Scott have always marketed their marathon-race-inspired Spark range as pure race bikes with a small dose of trailworthiness thrown in. Every time we’ve encountered a Spark, though, we’ve been impressed by the platform’s all-round versatility and fun, accessible ride character.
With 120mm of travel, the sub-£2,000 Spark 50 is a good bet for marathons, racing or just mucking about. Efficient on the climbs and a whole heap of fun on the descents, it’s a consummate trail pounder. With a better shock it’d be even more compelling but it’s worth considering as is.
Ride & handling: Ultra-efficient speed machine that won’t hinder your fun on the descents
The Spark’s handlebar has an 18mm rise, which is lower than the trail-riding-inspired norm, and a pronounced backsweep. Combined with the 75mm stem, which is unusually stubby for a race bike, this pushes the rider’s back away from the front axle. The result, in handling terms, is an interesting mix of race efficiency and trail fun.
On climbs, sprints and in any situation where power uber alles is the priority, the low front end does its job by maximising the rider’s output. When it’s time to cash in all those gravity credits, the swept-back bar position pulls enough weight off the front wheel to make hoiking the Scott from line to line a pleasure rather than a chore. And 120mm of travel means this race whippet will hop, skip and jump down the trail with the best of them.
The only fly in the ointment is the rear shock. DT Swiss’s shocks are better than they used to be but this is still no Fox Float. While we’re moaning, it’d be nice to have an intermediate position on the bar-mounted remote, adding a bit of compression damping to both fork and shock – but that’s probably asking too much at this price.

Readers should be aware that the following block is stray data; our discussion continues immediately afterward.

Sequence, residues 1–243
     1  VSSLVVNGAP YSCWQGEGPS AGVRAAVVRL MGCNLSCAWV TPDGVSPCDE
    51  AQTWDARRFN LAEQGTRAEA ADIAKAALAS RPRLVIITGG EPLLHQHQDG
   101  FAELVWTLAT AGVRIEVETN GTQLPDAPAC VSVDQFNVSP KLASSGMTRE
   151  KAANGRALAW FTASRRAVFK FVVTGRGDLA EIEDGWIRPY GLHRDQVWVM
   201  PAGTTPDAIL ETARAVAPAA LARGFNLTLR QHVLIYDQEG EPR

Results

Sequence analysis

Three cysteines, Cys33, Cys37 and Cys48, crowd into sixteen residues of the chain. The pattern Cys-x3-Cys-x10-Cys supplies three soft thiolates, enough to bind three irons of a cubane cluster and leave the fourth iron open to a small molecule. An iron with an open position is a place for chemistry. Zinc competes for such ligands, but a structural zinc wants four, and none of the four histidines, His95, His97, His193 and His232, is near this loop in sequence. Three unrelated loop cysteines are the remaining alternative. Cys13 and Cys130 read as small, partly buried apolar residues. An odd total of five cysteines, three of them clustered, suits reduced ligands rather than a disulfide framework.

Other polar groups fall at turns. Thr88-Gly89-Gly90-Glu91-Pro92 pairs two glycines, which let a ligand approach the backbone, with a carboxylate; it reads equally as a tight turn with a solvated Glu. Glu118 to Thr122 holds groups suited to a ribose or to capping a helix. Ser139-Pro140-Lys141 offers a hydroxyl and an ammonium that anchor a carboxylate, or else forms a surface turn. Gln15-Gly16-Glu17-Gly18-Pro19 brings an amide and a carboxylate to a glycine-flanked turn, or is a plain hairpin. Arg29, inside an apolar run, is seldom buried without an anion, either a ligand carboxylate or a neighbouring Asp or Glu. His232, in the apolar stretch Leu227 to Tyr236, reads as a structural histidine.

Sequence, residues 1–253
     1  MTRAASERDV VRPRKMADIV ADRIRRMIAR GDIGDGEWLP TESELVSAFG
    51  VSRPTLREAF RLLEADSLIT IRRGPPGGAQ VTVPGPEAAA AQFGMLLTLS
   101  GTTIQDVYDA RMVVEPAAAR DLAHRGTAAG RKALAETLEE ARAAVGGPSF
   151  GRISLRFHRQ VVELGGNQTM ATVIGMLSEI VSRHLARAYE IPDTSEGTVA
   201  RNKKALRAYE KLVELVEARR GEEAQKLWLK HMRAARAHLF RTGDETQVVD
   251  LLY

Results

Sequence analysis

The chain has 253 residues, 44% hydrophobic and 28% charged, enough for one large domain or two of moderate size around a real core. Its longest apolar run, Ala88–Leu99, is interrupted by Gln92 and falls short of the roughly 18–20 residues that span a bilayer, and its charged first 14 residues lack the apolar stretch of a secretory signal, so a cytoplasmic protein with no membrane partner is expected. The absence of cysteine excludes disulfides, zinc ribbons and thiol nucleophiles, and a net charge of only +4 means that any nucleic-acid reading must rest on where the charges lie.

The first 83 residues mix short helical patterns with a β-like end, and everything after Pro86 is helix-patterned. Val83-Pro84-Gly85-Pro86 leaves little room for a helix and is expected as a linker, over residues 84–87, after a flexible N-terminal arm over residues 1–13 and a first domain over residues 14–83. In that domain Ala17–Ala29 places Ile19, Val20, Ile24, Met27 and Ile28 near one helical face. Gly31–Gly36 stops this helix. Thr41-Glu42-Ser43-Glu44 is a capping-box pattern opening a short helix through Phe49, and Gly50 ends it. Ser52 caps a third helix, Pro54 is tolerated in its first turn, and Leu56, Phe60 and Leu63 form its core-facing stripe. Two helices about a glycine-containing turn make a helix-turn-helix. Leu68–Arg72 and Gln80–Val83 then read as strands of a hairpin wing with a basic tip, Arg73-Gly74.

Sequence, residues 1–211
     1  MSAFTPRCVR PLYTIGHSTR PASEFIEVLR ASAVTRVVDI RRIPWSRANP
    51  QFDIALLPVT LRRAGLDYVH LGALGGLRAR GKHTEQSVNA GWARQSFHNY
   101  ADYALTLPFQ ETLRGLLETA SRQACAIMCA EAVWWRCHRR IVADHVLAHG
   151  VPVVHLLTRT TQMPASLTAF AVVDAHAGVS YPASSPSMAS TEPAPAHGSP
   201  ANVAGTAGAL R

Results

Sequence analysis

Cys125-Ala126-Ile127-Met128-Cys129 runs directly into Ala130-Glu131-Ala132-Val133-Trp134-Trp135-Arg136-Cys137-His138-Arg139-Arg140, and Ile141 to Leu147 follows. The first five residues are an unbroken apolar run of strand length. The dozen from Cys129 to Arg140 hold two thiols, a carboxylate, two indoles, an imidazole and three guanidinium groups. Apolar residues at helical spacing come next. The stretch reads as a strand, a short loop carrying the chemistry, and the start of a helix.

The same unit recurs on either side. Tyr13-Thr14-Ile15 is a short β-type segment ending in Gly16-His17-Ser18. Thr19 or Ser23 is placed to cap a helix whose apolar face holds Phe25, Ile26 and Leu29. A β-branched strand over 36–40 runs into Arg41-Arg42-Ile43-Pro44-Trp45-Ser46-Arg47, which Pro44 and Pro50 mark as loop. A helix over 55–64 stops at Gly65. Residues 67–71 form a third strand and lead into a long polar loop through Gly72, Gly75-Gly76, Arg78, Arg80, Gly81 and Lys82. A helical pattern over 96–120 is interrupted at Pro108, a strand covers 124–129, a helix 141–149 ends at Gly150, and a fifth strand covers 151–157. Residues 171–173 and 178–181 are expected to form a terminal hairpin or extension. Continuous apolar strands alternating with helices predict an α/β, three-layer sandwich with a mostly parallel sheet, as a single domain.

Frame & equipment: Long, low ride position won’t suit everyone – and rear shock could be better
A neat linkage pivoting from the Spark 50’s top tube connects the top of the stays to the DT Swiss shock at the rear, while a cable runs from the front of the shock to a bar-mounted lockout lever. Cunningly, this single lever also connects to the RockShox Recon fork’s lockout switch, making it possible to lock out the entire suspension system with a single push. This beats fumbling around between your knees any day of the week.
A small shock mount ‘chip’ situated in the front of the rocker arm can be flipped over to tweak the Spark 50’s geometry, raising the bottom bracket by 7mm and steepening the head angle by 0.5 degrees. Scott point out that the Spark is the only cross-country bike on the market with this feature, which could be useful if you ride a lot of technical trails.
Just because it’s primarily designed as a racing snake, that doesn’t mean Scott’s designers have lumbered the Spark with a whippy, flexy front end. Short though it may be, the head tube is tapered to improve torsional rigidity and steering precision. The larger lower bearing race is likely to mean better bearing life, too.
This bike also boasts one of the neatest rear disc mounts we’ve seen, with the post mounts integrated into the design of the chainstay. This tucks the brake calliper out the way and, point out Scott, also reduces weight and the stress imposed by braking on the rear pivot. It’s so tidy, we wonder why more manufacturers don’t go down this route.
Full-length cables run externally, while a rubber chainstay protector helps keep the noise from chain clatter to a reasonable minimum. Shimano’s ever-reliable Deore and Deore XT components make up the bulk of the transmission, and Avid’s Elixir 3 hydraulic discs do the slowing down bit. Unusually for a race bike, the stem on our medium test bike is a stubby 75mm – and it’s mated to a handlebar with a pronounced backsweep.
This article was originally published in What Mountain Bike magazine.